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An interview with Rachael Newham – self-harm, mental health and theology

It was fantastic to interview author Rachael Newham after having the opportunity to read her new book ‘Learning to Breathe’. You can read my review here. She has been through the darkness of depression and writes from her experience which I believe has the potential to bless a lot of people and give them hope. Thanks for joining us here Rachael!



Tell us a little about you and how you came to faith!

I became a Christian at the age of five at my church’s holiday club having come from a Christian family where we went to church each week and were all really active in church life. My faith grew as I did; I’m an only child and church was not only where we worshipped but where I made my first friends. As I got older I decided I wanted to be a missionary in Rwanda (until I realised that it was really far away), but it planted in me a desire to ‘do something’ for God and the church – it was the beginning of my calling.

Your book ‘Learning to Breathe’ tells of your experience of depression. How did you come to share your story?

I actually started to write a book on my depression called ‘Learning to Breathe’ when I was 18 during my gap year. I wrote about 20,000 words and then I put it away as I did my degree but the desire to write the book didn’t going away. I was reading a lot of books and memoirs on depression but I was frustrated that so many seemed to end with ‘and then God healed my depression and I got married’ when my story didn’t play out that way. By then I’d done my degree and began to develop a theology of mental health and I wanted to take my angst-ridden writings and turn it into something that people could read and understand; both the reality of mental illness and that God has something to say about it!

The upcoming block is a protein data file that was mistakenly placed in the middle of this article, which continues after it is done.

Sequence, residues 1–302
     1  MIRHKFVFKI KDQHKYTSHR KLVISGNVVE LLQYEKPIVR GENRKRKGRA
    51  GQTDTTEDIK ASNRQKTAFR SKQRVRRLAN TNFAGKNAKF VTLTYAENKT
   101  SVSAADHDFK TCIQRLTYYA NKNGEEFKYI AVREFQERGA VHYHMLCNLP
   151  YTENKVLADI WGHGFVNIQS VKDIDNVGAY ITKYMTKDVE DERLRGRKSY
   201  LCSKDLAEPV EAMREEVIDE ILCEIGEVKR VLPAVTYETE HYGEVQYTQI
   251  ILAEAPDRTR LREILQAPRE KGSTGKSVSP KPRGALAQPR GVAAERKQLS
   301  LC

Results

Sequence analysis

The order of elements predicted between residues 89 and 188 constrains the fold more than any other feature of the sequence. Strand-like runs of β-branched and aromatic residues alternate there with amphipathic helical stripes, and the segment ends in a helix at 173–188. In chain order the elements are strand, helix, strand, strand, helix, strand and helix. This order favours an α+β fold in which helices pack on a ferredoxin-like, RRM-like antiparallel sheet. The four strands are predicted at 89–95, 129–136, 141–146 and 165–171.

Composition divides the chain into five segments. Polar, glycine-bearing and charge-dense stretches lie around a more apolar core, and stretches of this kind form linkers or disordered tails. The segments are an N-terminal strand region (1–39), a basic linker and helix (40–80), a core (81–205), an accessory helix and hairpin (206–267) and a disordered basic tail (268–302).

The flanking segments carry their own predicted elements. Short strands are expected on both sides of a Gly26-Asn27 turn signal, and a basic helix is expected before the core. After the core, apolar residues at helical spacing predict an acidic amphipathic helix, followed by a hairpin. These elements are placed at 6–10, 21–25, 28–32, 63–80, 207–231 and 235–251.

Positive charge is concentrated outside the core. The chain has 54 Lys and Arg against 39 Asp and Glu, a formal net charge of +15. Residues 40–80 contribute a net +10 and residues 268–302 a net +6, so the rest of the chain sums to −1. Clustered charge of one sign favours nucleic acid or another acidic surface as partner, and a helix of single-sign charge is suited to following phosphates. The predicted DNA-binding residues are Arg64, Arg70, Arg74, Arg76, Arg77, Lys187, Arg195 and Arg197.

I think I was very fortunate coming to writing with nearly all of my research done through my undergraduate and postgraduate dissertations and so that part was quite nice; it was just making the academic side really readable. I found editing the hardest part because I wasn’t just editing the writing but I was editing my own story.

What was your experience of God in the darkest times?

My experience of God alternated between impossibly distant and closer than I’d ever known. It was the honesty of the psalmists that captured my heart and allowed me to then be honest with God. In particular Psalm 88 which doesn’t have any of the resolutions like the other psalms but ends with the words ‘darkness is my closest friend’ – it was how I felt and the idea that someone thousands of years ago had felt the same and could talk to God about it captivated me. I was definitely drawn to scripture during that time; I began to explore the Bible because I wanted to find something that recognised what I was going through.

What would you say to someone who was self-harming or thinking about suicide?

I think the first thing (and the thing that probably made the most difference to me) was learning and taking to heart the truth that my life and my body were and are worth something. And practically speaking it’s vital that you find someone you can trust to talk to and be listened to.

One of the things that stood out for me in your book was how there were helpful and not-so-helpful people that you came across throughout your depression. How can friends and family best support someone struggling with mental illness? What is not so helpful?